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H. Perrild, L. Skovsted and L. Korsgaard Christensen

Abstract.

Alkaline Sephadex G-25 columns were used to separate labelled 3,5,3',5'-thyroxine, 3,5,3'-triiodothyronine, 3,3',5'-triiodothyronine and 3,3'-diiodothyronine from the serum binding proteins followed by a quantitative elution of each hormone by coupling to its respective antibody. It is shown that although these antibodies (diluted 1:1500–1:100 000) in our radioimmunoassays are highly specific they show a high degree of non-specific binding when they are used in the concentrations necessary to get a maximal recovery of the hormones in column separating experiments.

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H. Perrild, F. Pedersen, S. L. Rasmussen, H. J. Jürgensen and L. Skovsted

Abstract. After treatment with alprenolol for 1 year, serum 3,3',5'-triiodothyronine (rT3) was significantly increased (P < 0.01) in a group (n = 20) of euthyroid subjects compared to a control group (n = 20) given placebo. All subjects had definite or suspected myocardial infarction one year previously. Serum thyroxine (T4), free T3 index (FT4I), serum 3,5,3'-triiodothyronine, (T3) and free T3 index (FT3I) were not significantly different in the two groups. Alprenolol and placebo were gradually withdrawn over 14 days. On the first day after withdrawal a significant decrease in serum rT3 in the alprenolol treated group was the only change observed. Fourteen days after withdrawal a significant fall in serum T4, FT4I, rT3 and a rise in serum T3 and FT3I was found in the alprenolol treated group. Six months after withdrawal the only further change observed in the alprenolol treated group was an increase in T3 and FT3I. No changes occurred in the placebo treated group in any of the hormones studied. The results are consistent with a direct effect of long-term alprenolol treatment on the peripheral levels of serum T4, T3 and rT3 in euthyroid subjects. The changes in the thyroid hormones after withdrawal further indicate withdrawal of a permanent inhibition of 5'deiodinase during long-term treatment with alprenolol in euthyroid subjects.

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N Knudsen, H Perrild, E Christiansen, S Rasmussen, H Dige-Petersen and T Jorgensen

OBJECTIVE: Multinodular goitre has been found with a high prevalence in iodine-deficient areas, but less frequently in iodine-replete areas; the iodine intake sufficient to prevent goitre has not been established, however. METHODS: We report data from an ultrasonic investigation of the thyroid glands of 2656 randomly selected subjects aged 41 to 71 years in an area with borderline iodine deficiency. RESULTS: Median iodine concentration in spot urine samples was 70microg/l. Multinodular thyroid structure was found in 23% of the population, increasing in women from 20 to 46% with increasing age, and in men from 7 to 23%. Solitary, scintigraphically cold, thyroid nodules >10mm were found in 2.4% of the population with the same prevalence in the different age and sex groups. Two years of follow-up of these cold nodules revealed no signs of malignancies. Median thyroid volume was 11.0ml. Thyroid enlargement (>18ml for women and >25ml for men) was found among 13. 1% of the women and 6.2% of the men, and the prevalence increased with age. The presence of thyroid nodules was related to positive anti-thyroperoxidase antibody (TPO Ab) titres, whereas thyroid enlargement was associated with iodine excretion <50microg/day. CONCLUSIONS: Thyroid enlargement was associated with low iodine excretion and median thyroid volume was slightly increased compared with iodine-replete areas. Multinodular thyroid structure was found with a high prevalence and was associated with TPO Ab >200kU/l. Cold thyroid nodules were moderately prevalent, with no cases of detected malignancies during 2 years of follow-up.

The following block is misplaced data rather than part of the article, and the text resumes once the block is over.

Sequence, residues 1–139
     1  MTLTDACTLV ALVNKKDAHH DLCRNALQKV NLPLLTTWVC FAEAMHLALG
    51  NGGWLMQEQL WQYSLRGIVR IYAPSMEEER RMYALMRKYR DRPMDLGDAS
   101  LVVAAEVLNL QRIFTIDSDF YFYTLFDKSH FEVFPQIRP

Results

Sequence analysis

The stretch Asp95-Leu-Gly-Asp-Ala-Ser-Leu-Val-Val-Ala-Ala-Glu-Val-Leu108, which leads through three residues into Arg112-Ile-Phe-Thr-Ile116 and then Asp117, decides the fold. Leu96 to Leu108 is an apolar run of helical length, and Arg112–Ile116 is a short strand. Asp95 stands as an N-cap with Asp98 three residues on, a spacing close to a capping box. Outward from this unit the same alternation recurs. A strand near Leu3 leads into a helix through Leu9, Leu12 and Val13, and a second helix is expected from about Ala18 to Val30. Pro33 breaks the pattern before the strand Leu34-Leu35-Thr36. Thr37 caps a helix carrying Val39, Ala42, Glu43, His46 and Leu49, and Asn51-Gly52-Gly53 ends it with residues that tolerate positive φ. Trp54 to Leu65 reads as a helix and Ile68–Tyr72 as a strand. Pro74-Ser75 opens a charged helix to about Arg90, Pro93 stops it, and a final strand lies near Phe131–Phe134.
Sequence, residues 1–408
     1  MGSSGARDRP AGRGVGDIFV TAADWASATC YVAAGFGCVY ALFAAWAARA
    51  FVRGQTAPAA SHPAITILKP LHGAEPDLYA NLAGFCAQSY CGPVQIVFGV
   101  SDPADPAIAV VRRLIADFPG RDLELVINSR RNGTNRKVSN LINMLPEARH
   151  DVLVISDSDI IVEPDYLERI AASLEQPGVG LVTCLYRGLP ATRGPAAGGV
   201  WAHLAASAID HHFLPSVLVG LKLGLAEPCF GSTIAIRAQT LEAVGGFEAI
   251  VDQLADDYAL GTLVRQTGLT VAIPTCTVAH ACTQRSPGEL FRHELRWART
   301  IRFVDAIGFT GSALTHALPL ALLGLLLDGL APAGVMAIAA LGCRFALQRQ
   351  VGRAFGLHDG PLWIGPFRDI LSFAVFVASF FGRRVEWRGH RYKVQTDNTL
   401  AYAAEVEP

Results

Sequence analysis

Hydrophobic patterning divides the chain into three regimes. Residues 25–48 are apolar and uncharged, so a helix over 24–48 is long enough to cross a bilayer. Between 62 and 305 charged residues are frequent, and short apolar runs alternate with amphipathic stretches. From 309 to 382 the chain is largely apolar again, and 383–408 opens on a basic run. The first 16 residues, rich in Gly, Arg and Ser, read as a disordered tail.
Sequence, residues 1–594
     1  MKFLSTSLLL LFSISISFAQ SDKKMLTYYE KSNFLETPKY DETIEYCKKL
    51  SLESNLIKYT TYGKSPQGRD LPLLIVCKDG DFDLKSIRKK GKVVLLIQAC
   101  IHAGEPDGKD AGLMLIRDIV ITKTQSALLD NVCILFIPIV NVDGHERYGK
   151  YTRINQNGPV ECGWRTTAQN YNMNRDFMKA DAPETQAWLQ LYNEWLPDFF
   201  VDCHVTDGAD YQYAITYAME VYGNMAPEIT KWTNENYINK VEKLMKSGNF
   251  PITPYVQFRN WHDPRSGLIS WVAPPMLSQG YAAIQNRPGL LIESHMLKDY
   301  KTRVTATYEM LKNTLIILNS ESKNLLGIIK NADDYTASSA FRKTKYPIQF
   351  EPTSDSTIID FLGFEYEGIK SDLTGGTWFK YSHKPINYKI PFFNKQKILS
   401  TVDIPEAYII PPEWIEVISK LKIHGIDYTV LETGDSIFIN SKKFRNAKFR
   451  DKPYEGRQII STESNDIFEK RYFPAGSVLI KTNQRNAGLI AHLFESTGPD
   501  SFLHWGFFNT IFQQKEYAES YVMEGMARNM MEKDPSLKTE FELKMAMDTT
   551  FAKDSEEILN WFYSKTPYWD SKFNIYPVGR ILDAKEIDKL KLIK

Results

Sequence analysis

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H. Perrild, J. M. Hansen, L. Hegedüs, L. Rytter, B. Holm, E. Gundtofte and K. Johansen

Abstract.

Ultrasonic scanning has been used to estimate changes in goitre size during and after treatment with a daily dose of either 100 μg thyroxine (T4) (n = 30), 150 μg T4 (n = 33), 200 μg T4 (n = 17) or 60 μg triiodothyronine (T3) (n = 30) for one year in patients with diffuse non-toxic goitre. The thyroid volume was measured before and every 3 months during and 3 months after withdrawal of therapy. All 4 treatments resulted in a decrease in goitre size after 3 months' therapy (P < 0.05) but only in the patients given 200 μg T4 and 60 μg T3 was the decrease long lasting during additional 9 months' therapy. The mean reduction in thyroid volume after 12 months therapy was 30 ± 26 sd and 22 ± 30 (sd)%, respectively. The free-T4-index was found significantly raised throughout the treatment with all three T4 doses, whereas the free-T3-index did not change. During treatment with 60 μg T3 no persistent rise in free-T3-index was seen while free-T4-index was decreased all 12 months.

No increase in goitre size was observed 3 months after withdrawal of the T3 therapy (n = 15), whereas all goitres in the T4 treated groups had returned to the pre-treatment values at that time. No rebound phenomenon was observed. The serum T3 and T4 levels were normalized 3 months after withdrawal in all four groups. Seven out of 8 patients on 200 μg T4 daily and 20 out of 25 patients on 60 μg T3 daily had no TSH response to TRH (200 μg iv) after 3 months' therapy. Forty-three out of 61 patients in the 4 groups showed no TSH response to TRH after 3 months' therapy. Only the group of patients showing no TSH response to TRH after 3 months' treatment had a significant decrease in goitre size in contrast to the group with a positive response to TRH.

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Å. Krogh Rasmussen, L. Kayser, K. Bech, U. Feldt-Rasmussen, H. Perrild and K. Bendtzen

Abstract.

Interleukin 6 has been suggested as second mediator of the effects of interleukin 1 in some cell systems. Interleukin 1 has previously been shown to inhibit the function of human thyrocytes in secondary cultures. We have therefore studied the influence of interleukin 6 (10−1−5·107 U/l) on the function of thyroid cells. Recombinant interleukin 6 slightly inhibited the production of cAMP, but failed to influence the production of thyroglobulin or the DNA content. Endotoxins (lipopolysaccharides from Salmonella abortus equi or Yersinia enterocolitica) had only a slightly inhibitory effect on thyroid cell functions, and the effect of interleukin 6 could not by itself be explained by endotoxin contamination. The effect of interleukin 6 did not mimick effects on thyroid cells afforded by recombinant interleukin 1α and 1β. Furthermore, antibodies to interleukin 6 were not able to inhibit the interleukin 1β-induced inhibition of thyroid cell functions. In conclusion, it is unlikely that interleukin 6 by itself mediates the biological effects of interleukin 1 on human thyroid cells.